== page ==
- the Kaibab Band of Paiute Indians.
To learn more about native communities in the area and how these lands were in some cases stolen from their inhabitants – visit Native Lands.
To learn more about our commitment to greater diversity, inclusion, and access to public lands visit DiverseNPS.
What You'll See at Broken Arch
From the Sand Dune Arch parking area, hike a short distance to the fork for the Sand Dune Arch and Broken Arch. Turn right here for a quick glimpse at Sand Dune Arch before you depart for the longer trail.
Sand Dune Arch is tucked in a bank of stone fins and gives visitors a chance to touch and feel the formations. Just be cautious to bring sunglasses and a face covering if there’s any amount of wind when you visit — the deep sand here can blow up quickly.
After visiting Sand Dune Arch, continue back out to the main trail and on towards Broken Arch. You’ll pass through a large open meadow area with terrific views of the plants and bacteria-filled soil crust that call Arches home. Stay on the trail here and watch small children carefully — any amount of foot traffic on the delicate soil in these areas can cause permanent damage.
As you approach the other side of the meadow, you’ll reach another fork in the trail. To the right, you’ll find Broken Arch and the trail leading to Devil’s Garden Campground. The hike can be completed clockwise, but we highly recommend the counter-clockwise route and to see Broken Arch first.
As you continue to the arch, you’ll take a short scramble up underneath the arch and then carry on the trail on the other side. From here, you’ll have views of Devil’s Garden area including Tunnel Arch and Pine Tree Arch. There’s a small spur hike off to Tapestry Arch up ahead as well.
The trail then leads directly through Devil’s Garden campground. Stop here to use the flush toilets and fill up water bottles, before continuing back on the loop for the rest of the hike. You’ll rejoin the trail in the outer (southern) loop of the campground. Turn around as you depart the campground for terrific views of the Devil’s Garden area.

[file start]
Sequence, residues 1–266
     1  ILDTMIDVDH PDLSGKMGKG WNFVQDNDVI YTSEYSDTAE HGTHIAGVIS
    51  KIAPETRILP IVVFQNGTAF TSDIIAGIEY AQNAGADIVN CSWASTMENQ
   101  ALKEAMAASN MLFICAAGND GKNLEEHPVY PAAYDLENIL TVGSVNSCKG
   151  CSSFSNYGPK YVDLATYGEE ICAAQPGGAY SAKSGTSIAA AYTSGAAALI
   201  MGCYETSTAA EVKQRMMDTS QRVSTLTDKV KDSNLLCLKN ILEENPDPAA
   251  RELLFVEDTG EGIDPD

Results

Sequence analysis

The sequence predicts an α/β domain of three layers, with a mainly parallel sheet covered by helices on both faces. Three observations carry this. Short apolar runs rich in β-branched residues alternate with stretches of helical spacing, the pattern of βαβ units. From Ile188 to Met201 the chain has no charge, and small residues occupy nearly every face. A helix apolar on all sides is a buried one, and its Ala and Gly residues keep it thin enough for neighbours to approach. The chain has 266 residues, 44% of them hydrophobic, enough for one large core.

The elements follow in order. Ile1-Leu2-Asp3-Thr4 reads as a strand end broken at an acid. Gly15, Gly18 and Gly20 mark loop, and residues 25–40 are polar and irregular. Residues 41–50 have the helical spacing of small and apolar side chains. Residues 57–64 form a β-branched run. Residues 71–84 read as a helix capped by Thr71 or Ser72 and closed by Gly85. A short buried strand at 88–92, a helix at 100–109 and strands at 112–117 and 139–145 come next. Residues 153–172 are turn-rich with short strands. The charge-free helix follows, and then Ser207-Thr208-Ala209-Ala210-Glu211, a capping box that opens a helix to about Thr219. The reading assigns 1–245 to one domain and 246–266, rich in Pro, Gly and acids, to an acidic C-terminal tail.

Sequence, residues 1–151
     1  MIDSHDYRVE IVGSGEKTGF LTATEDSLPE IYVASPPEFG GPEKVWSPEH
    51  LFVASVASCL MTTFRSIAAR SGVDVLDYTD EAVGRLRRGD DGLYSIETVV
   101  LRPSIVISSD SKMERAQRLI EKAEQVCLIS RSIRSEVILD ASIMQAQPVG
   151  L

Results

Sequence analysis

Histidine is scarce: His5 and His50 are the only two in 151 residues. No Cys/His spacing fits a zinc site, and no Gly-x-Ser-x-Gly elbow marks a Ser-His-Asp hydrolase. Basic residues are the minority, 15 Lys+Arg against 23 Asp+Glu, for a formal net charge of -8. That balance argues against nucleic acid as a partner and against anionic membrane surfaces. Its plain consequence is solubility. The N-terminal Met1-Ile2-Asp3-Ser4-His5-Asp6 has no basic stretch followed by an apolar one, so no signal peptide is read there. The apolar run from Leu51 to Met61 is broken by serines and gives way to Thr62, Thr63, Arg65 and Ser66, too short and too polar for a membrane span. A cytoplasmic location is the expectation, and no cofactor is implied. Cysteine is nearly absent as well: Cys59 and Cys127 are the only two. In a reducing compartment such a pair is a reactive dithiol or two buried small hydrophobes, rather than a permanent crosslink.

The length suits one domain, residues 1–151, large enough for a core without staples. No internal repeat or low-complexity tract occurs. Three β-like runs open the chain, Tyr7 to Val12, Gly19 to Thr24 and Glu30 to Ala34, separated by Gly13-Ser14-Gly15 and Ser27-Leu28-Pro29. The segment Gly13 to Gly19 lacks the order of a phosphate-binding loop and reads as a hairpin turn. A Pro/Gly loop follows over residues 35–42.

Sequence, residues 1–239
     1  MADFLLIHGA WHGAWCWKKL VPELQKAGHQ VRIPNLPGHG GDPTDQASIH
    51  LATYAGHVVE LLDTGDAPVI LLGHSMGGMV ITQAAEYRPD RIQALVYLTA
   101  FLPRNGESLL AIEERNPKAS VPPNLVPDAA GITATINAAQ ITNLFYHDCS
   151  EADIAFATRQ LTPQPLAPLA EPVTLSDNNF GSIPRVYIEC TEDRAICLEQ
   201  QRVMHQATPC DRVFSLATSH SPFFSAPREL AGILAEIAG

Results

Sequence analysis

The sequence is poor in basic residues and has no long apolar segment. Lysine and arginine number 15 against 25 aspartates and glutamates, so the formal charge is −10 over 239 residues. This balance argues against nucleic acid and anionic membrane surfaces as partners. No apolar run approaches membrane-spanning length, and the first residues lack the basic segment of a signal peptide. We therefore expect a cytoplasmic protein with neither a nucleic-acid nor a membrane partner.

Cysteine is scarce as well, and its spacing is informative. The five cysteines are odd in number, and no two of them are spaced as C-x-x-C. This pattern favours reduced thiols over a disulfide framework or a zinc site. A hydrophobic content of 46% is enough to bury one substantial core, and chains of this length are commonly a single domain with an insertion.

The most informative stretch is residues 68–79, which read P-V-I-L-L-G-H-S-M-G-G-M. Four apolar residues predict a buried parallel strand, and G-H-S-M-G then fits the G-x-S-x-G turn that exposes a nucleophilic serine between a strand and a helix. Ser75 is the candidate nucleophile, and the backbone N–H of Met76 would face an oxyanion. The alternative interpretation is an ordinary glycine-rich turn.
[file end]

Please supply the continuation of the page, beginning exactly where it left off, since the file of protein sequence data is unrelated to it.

The next leg of the trail was some of our favorite hiking we encountered in all of Arches National Park. Immediately after the campground, you’ll scramble up a short rock face and follow cairns into a gorgeous area of rock “fins”. The rock formations here tower so far overhead it’s like entering in a small slot canyon. The distance is only a few hundred yards, but it offers some shade and a unique landscape we didn’t find anywhere else in the park. In the distance, it’s possible to see the snow-capped La Sal Mountains from here as well.
At the end of the canyon, you’ll reach the open meadow area again – take the fork to the right back towards the Sand Dune Arch parking area.
When to Hike the Broken Arch Trail
The Broken Arch trailhead shares a parking area with the more popular Sand Dune Arch, so expect quite a few cars and visitors in the first stage of the trailhead. As you quickly separate at the fork is when where you can expect a bit more solitude. The trail offers limited shade throughout the day, so prepare with plenty of water, sunscreen, and decent hiking hat.
Given the overall traffic in the park, we recommend visiting Broken Arch just before sunrise or sunset. The evening glow in the area is top notch.